Detroit Electric SP:01 electric sports car sales have been put back to 2016.
However, Detroit Electric has vowed that the SP:01 will be "the world's fastest pure-electric production two-seater sports car" when it goes on sale.
The two-seat model, based on the Lotus Elise, was first shown in prototype form at the Shanghai motor show in 2013, and was originally slated for launch in Europe and Asia in late 2014. Production was due to begin at Detroit Electric's facility in Leamington Spa, Warwickshire early in 2015, but this has now been delayed. Following its show debut, Detroit Electric said it received 35 firm orders for the SP:01.
Recent design changes incorporated into the final production version include a new underbody diffuser and rear wing to reduce lift, plus minor changes to the front air intakes to improve airflow.
The SP:01's lithium-ion battery packs, which grant the car a range of around 180 miles, have also been clad in a new protective casing which shields the cells from damage in the event of an accident. Power output from the electric motor is rated at 281bhp, with 166lb ft of torque. A full charge was said to take four hours.
The company says the SP:01 will come with a top speed of 155mph and a 0-60mph sprint time of 3.9sec. Tesla's Model S manages the 0-62mph sprint in 4.2sec, but the recently announced dual-motor version is capable of 0-60mph in just 3.2sec.
Early pricing information suggested a starting cost of around £100,500. Standard specification includes carbon fibre body panels and a manual transmission, tough single-speed and twin-speed automatic transmissions are optional. The SP:01's weight is said to be 1090kg.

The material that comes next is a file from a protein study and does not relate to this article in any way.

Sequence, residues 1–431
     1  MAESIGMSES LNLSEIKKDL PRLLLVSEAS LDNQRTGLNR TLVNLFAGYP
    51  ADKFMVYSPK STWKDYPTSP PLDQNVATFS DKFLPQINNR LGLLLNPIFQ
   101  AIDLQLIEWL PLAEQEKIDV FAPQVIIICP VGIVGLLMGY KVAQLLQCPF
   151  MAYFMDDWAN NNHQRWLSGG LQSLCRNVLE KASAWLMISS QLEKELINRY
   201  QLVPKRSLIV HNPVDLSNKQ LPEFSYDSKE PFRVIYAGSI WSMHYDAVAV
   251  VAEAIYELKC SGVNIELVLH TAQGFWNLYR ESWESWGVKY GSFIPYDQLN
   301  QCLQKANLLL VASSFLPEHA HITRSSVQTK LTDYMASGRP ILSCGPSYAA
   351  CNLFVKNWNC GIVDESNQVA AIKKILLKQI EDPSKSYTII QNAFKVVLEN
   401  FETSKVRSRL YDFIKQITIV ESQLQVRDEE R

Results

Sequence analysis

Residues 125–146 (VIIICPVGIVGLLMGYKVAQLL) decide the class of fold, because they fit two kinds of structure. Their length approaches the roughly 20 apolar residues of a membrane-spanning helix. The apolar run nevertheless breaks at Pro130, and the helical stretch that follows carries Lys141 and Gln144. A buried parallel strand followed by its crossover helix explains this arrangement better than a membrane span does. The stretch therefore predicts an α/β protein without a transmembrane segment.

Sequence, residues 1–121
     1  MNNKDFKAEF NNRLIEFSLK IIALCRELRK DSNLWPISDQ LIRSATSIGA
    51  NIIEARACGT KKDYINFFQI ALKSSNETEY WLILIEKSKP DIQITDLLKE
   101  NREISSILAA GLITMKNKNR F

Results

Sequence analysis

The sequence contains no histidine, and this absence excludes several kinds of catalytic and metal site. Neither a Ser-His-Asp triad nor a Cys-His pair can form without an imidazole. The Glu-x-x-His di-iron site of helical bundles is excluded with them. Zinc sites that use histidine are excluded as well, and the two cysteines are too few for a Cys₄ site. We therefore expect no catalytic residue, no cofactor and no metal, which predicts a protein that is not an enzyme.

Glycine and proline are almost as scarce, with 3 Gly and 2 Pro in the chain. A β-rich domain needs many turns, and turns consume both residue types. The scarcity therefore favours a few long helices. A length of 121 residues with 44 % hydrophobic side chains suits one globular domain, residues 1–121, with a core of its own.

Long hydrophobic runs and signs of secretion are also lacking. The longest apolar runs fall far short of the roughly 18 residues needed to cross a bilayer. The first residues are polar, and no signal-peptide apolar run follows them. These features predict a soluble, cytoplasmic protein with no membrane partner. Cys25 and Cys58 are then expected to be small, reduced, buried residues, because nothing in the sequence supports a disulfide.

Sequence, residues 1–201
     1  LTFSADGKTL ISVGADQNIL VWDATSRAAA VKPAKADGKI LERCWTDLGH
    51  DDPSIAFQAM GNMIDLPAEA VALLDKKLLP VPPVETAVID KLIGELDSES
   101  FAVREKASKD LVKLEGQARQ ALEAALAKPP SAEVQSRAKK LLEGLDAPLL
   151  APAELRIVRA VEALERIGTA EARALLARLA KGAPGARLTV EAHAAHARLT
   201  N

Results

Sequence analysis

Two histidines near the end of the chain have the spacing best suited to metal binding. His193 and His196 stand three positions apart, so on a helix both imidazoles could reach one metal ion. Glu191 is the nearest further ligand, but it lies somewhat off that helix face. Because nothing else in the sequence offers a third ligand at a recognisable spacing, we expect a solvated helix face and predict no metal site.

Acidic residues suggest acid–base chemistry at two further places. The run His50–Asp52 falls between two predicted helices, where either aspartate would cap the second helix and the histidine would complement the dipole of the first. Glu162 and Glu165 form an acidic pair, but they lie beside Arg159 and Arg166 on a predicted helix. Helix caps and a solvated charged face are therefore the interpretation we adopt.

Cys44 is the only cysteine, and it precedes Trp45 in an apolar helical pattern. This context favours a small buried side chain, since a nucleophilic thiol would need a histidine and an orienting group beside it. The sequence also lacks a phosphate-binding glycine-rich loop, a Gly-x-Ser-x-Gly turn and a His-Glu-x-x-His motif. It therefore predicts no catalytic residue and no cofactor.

Inside, an 8.4-inch touchscreen infotainment system features in the place of a traditional instrument cluster, and also handles vehicle functions including satellite navigation and infotainment. Leather sports seats are available, while a range of upgrades allow customers to personalise their cars.
The company has also revealed that plans for a new 2+2 model and saloon are also under consideration. Those models would be engineered and assembled in Detroit, and arrive after the SP:01's launch.
Detroit Electric Company wa soriginally an electric car producer at the beginning of the 20,000 century. It built about 13,000 vehicles. It was revived in 2008 by former CEO of the Lotus Engineering Group, Albert Lam.
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